Trone Takes Over Novartis’ Turf

Client Leaves EPB in New York for Its Greensboro, N.C., Backyard
ATLANTA–In a move partially brought about by geography, the ornamental division of Novartis Crop Protection Corp. has shifted agency of record status from the New York office of Earle Palmer Brown to its Greensboro, N.C., neighbor, Trone Advertising, without a review.
Trone has worked with other areas of Novartis, as well as its predecessor, Ciba Geigy. The shop is currently agency of record for the company’s seed treatment division.
In a statement, Novartis director of marketing services Michael Joyce said the location of the agency was an important facet of the decision to switch shops.
“With Trone, I know I can assemble the entire [agency] account team at our office in a matter of minutes,” Joyce said.
Earle Palmer Brown chief executive officer Jeb Brown characterized the parting as “amicable,” and noted that EPB would continue to work with Novartis’ animal health division.
Neither Novartis nor Trone officials would divulge account billings beyond saying it was a “multimillion” dollar budget. In explaining why his agency and Novartis went their separate ways, however, Brown said “their needs changed . . . their needs actually diminished.”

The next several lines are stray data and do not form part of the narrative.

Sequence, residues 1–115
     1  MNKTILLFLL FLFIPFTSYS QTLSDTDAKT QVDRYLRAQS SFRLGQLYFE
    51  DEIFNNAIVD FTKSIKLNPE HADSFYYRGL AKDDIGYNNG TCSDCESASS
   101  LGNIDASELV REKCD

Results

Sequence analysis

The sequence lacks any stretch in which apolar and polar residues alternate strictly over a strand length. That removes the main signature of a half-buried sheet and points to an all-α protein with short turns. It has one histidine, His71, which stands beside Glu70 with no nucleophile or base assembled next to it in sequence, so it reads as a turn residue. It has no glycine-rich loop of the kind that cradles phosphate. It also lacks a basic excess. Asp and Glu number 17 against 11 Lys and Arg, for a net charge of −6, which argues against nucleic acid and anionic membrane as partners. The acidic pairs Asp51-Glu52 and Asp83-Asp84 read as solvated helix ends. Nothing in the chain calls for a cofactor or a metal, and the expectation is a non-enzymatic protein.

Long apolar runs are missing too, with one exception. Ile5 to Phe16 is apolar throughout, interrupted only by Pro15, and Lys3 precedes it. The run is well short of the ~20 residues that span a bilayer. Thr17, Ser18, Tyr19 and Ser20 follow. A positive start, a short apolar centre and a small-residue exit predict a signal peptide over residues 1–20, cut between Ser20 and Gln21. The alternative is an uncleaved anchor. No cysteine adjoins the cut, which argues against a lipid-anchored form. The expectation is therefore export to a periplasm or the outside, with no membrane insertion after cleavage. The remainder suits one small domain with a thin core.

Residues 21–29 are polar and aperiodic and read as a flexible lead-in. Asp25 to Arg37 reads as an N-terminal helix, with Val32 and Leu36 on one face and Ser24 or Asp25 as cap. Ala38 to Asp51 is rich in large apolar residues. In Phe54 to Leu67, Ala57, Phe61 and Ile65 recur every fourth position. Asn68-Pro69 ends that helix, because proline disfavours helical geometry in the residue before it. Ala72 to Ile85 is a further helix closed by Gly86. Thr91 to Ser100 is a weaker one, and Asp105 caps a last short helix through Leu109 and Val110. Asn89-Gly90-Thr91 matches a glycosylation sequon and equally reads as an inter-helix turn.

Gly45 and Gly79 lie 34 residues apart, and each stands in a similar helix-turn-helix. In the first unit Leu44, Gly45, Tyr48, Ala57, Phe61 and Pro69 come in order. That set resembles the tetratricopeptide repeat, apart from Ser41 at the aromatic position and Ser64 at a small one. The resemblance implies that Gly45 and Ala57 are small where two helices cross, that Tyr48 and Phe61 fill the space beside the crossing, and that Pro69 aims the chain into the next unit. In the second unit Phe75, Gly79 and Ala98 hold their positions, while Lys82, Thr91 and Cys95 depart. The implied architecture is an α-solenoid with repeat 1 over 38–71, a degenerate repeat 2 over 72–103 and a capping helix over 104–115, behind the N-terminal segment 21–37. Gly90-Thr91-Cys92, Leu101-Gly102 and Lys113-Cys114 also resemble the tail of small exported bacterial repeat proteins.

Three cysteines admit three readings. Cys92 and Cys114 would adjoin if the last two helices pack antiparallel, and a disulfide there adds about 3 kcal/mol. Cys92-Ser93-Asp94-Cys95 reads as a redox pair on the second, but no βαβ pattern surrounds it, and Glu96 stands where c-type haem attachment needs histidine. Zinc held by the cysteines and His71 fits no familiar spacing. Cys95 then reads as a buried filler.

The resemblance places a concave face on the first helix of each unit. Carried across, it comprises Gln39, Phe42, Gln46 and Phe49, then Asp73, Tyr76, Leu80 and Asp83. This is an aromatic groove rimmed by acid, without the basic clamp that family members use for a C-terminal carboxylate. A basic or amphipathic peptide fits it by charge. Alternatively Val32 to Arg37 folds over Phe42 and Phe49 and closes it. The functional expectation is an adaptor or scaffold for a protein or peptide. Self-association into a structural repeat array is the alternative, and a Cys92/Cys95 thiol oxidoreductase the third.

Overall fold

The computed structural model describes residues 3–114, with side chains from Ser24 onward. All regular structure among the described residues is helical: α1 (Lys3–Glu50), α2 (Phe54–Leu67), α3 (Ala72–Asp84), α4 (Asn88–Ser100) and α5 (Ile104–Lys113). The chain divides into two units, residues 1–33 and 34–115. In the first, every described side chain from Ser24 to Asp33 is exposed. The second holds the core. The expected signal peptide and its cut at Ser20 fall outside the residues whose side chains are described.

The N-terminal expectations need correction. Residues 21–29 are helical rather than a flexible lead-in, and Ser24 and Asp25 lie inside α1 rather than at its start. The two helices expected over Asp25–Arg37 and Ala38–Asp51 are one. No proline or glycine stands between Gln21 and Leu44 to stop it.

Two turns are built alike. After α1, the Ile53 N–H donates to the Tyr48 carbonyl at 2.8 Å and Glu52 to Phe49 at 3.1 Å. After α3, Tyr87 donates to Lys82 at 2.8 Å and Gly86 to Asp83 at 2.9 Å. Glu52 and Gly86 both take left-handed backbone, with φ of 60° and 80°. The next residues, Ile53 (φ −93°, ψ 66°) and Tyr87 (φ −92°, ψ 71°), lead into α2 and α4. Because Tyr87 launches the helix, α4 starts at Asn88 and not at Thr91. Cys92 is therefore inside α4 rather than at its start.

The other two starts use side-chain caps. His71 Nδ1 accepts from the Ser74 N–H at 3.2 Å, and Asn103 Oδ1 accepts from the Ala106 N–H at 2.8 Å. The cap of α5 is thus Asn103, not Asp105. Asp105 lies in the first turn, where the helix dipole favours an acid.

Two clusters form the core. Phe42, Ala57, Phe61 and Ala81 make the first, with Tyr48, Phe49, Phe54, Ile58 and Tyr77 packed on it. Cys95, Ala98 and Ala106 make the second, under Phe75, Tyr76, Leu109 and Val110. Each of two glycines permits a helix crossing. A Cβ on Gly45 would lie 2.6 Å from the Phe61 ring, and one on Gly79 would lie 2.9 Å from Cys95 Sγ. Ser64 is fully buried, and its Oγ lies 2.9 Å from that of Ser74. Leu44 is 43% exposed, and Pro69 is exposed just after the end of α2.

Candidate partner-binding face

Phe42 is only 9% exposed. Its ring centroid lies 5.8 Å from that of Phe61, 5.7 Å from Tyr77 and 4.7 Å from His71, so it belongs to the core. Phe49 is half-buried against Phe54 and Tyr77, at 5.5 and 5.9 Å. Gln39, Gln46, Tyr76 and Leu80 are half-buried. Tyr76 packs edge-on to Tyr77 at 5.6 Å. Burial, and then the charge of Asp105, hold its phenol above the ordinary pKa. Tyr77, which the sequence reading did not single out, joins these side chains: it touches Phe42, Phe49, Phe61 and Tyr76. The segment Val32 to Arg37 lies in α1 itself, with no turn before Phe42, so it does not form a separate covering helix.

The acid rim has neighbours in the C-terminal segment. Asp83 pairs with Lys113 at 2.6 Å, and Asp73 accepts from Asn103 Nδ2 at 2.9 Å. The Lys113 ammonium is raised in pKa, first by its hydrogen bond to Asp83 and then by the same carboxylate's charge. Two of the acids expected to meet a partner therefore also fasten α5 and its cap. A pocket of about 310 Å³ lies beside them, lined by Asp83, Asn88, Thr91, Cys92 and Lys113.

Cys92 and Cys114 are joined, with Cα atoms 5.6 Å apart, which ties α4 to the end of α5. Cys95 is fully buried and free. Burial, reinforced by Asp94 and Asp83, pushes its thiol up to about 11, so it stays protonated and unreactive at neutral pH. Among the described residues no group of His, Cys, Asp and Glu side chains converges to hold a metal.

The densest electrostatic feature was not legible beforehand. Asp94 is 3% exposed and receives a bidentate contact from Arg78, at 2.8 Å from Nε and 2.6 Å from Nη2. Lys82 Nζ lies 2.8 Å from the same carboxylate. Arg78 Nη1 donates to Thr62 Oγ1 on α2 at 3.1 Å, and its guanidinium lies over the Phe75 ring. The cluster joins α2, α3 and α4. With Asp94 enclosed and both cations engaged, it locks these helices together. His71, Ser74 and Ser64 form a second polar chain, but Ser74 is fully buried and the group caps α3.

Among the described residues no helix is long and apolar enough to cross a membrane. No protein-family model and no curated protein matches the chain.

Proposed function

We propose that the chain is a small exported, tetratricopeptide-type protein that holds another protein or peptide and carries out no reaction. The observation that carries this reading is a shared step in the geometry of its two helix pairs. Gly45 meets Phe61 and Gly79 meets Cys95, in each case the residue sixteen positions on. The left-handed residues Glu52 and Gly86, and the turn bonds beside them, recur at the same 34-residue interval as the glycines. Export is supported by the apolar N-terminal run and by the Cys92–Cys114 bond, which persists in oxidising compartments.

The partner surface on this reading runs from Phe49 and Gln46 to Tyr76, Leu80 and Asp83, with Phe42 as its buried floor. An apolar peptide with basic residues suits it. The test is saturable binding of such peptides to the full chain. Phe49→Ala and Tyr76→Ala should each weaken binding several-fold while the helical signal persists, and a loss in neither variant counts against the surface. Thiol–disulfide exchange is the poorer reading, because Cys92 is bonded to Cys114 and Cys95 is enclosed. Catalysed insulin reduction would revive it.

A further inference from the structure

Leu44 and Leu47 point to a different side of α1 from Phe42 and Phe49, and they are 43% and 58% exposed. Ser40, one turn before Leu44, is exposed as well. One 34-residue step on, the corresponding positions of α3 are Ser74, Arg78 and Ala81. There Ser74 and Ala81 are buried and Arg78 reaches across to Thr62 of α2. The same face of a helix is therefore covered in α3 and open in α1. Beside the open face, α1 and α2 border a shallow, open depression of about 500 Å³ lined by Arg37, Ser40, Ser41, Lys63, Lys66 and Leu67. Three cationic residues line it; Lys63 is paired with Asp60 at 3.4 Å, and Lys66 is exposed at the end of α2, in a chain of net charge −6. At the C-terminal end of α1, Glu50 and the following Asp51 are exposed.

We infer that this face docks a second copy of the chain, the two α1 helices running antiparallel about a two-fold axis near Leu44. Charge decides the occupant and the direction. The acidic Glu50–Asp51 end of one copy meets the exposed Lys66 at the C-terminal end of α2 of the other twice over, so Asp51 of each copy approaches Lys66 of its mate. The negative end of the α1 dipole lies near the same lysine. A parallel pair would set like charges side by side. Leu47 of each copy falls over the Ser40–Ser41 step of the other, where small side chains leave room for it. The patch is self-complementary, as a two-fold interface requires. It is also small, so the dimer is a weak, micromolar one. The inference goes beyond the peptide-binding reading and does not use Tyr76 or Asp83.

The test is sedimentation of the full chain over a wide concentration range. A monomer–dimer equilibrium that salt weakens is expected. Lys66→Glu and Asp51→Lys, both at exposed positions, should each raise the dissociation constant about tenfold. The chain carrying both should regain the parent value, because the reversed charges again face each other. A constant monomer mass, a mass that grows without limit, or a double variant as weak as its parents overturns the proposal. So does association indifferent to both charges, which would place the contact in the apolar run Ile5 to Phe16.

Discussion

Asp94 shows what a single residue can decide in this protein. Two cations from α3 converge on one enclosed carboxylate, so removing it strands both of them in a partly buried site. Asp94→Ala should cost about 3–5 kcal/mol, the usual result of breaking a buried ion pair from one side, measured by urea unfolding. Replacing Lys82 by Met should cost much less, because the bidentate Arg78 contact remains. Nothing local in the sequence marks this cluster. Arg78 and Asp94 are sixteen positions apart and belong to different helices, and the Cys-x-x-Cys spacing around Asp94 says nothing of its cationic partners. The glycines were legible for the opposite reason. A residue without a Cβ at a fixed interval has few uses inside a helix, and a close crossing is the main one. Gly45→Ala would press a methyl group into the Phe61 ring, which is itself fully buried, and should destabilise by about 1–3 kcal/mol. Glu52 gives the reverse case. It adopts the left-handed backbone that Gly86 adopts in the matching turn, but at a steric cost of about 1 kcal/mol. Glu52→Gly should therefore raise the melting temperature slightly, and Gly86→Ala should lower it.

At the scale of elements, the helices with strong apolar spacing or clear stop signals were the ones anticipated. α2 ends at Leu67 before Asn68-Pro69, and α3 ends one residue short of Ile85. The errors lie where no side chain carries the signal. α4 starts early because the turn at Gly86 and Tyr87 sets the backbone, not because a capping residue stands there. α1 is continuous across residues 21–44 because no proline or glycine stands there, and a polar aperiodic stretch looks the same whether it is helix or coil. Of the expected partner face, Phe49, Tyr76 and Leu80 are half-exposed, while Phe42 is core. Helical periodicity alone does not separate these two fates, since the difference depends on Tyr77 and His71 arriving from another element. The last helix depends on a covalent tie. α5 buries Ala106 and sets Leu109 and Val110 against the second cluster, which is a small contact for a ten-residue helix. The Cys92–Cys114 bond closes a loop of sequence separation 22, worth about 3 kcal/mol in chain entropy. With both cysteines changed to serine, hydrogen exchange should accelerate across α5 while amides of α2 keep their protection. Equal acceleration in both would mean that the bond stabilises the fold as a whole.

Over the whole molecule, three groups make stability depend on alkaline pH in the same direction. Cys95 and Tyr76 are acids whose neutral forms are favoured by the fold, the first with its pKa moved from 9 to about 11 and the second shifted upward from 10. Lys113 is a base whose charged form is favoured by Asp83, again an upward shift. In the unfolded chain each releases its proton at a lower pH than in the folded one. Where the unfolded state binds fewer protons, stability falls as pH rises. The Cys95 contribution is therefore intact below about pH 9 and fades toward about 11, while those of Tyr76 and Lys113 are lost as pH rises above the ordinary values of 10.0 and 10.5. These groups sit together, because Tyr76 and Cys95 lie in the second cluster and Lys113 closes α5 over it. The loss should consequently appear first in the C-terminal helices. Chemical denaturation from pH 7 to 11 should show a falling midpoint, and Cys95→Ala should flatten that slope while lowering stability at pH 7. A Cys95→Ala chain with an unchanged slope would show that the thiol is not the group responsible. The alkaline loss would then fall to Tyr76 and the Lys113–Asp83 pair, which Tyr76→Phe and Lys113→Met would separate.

Competitive Media Reporting does not break out Novartis’ turf and ornamental business, but the company’s advertising expenditures for its agricultural and horticultural product lines amounted to $5 million in 1997 and $4.6 million through November of last year.
Representatives for Trone Advertising said they were instructed by the client not to discuss its projected 1999 advertising budget. They deferred all questions to Joyce, who was on vacation last week in New England and unavailable for comment.
The agency’s primary responsibilities will include advertising, public relations, collateral development, trade show support and media placement. Trone Advertising will also help Novartis launch several new products in 1999, including a fungicide for golf and lawn landscaping that can reduce the amount of chemicals needed to maintain healthy grass.